The gang recruits more members and branches out their drug operations. Other than the drug trade, other criminal operations may be further developed or new ones created. The violence increases to the point where drive-by shootings occur and the once quiet neighborhood experiences their first murder, then second, then third and now, the fiber of the community has changed forever.
By: Lou Savelli
Gangsters obsess over cops. They also obsess over getting over on cops. The code of the street says, "If you catch them slippin, you got to take them out!" It goes along with their mentality, their mindset and their MO. And more often than not, it’s their way of life. And the contributing factors aside, because I am don’t want to make excuses for them, it’s how they consciously choose to live.
Think about the last time you were in a gang banger's home, or a drug dealer or some other miscreant of society. How did it look? How'd it smell? Didn't it have the ‘standard-issue’ pot of rice on the stove? You know, the one that has been sitting there from the night, the week, the month before! The one next to the pot of boiled water that's been cold for a week that has roaches with Spanish accents swimming in it. Are you itchy yet? They are all the same. Whether you are in Los Angeles, New York, Miami, Chicago or Teaneck, NJ, Des Moines, Iowa, or Woodbury, MN, the miscreants may sound or look a little different but they're all basically the same.
They know it! They live it! And in their homes, whether it is an apartment or a private house, there is that room with a door with a hasp attached secured with a heavy-duty lock. What for? Don't you have one of those in your homes? You know, to keep you family members and your buddies out of your stuff? They do! Because in the world they live in, its "…if I catch you slippin, I can take what's yours…” You know, “OPP”, “Other People's Property" and all that crap!
So, when you are dealing with people who are looking to catch you slippin, DON'T, especially when you are dealing with gangs. It's what they do! It's what they practice! It's what they think about! It's what they wait for! Make it part of your everyday routine. DON'T GET CAUGHT SLIPPIN! For cops, SLIPPIN, can merely be not taking an aggressive stance, not wanting to be seen as too aggressive, or just thinking a little too hard about avoiding a civilian complaint or worse, a lawsuit. That hesitation, that fear of getting in trouble, or simply being off-guard, will render you Slippin. DON'T GET CAUGHT!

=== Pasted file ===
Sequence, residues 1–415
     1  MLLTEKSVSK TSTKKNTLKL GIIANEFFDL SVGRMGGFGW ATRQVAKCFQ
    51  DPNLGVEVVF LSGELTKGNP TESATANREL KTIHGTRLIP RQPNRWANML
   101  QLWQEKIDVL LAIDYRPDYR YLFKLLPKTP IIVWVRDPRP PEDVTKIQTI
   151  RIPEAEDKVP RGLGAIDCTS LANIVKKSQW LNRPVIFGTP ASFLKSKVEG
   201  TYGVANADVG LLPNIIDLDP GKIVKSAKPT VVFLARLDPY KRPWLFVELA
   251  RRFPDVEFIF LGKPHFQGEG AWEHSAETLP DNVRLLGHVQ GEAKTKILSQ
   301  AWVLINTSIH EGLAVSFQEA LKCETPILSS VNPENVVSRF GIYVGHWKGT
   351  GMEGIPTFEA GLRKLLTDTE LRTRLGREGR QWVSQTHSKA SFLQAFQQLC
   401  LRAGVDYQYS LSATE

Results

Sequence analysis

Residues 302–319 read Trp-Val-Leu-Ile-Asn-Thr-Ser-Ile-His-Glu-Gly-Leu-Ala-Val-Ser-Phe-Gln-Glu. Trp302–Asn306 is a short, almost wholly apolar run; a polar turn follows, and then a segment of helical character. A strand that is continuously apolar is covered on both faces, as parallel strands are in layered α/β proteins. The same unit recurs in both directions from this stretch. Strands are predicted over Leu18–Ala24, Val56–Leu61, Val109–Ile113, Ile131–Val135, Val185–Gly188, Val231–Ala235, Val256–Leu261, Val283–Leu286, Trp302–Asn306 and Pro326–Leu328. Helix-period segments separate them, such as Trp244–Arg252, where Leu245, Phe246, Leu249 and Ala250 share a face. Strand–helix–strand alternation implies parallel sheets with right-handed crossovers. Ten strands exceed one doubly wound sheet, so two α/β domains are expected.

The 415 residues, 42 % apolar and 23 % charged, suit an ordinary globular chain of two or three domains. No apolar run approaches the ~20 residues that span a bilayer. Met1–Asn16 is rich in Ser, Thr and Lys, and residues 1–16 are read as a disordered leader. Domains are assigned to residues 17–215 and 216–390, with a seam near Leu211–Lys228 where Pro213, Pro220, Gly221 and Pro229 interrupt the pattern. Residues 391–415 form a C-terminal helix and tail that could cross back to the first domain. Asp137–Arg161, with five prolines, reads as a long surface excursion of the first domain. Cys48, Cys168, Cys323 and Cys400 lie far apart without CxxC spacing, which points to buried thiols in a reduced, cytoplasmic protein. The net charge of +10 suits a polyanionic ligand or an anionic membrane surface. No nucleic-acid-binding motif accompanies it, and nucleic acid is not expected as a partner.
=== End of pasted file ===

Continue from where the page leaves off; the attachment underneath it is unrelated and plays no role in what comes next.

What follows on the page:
"Five point position!", "Raise the roof!", "Scrap line!", "Gun grab!", "050 Flashight!", "Eat his food!"..., Do I need to go on? Gangs have a phrase for it! They have a code word to call it out! And they all got a tactic to take you out ...IF THEY CATCH YOU SLIPPIN. DON'T GET CAUGHT!
Figoski ...Timoshenko ... Mossomillo .... Andrews... Nemorin ... Carter… Carrington. ALL HEROES. All Died to save others! And what did the some of the NYC juries say to these cops and their families? $#%& !@?!
And it’s not just here, in NY, its everywhere.
In Topeka KS in 2012, two hero cops, Jeff Atherly and David Gogian, lost their lives to a scumbag Latin King with a gun who sat in wait in his vehicle and then opened fire!
Do you hear the sounds of Amazing Grace!!! Don’t Get Caught!
SLIPPIN', DON'T GET CAUGHT!
Our Gang Enforcement Thought Leaders serve as a valuable resource to you and your agency.
Authors of articles submitted are responsible for compliance with restrictions and regulations regarding the publication and clearance of materials dealing with sensitive and/or classified information. The Gang Enforcement Company is not responsible for vetting the article for accuracy and all articles published do not necessarily hold the views or position of The Gang Enforcement Company unless written by the company or employees of the company.
Looking for Writers!
Currently, we are seeking subject matter specialists in a wide range of threat topics. If you are interested in being considered to be one of the Contributing Writers for the Blog and/or Magazine, please contact us: Submit Here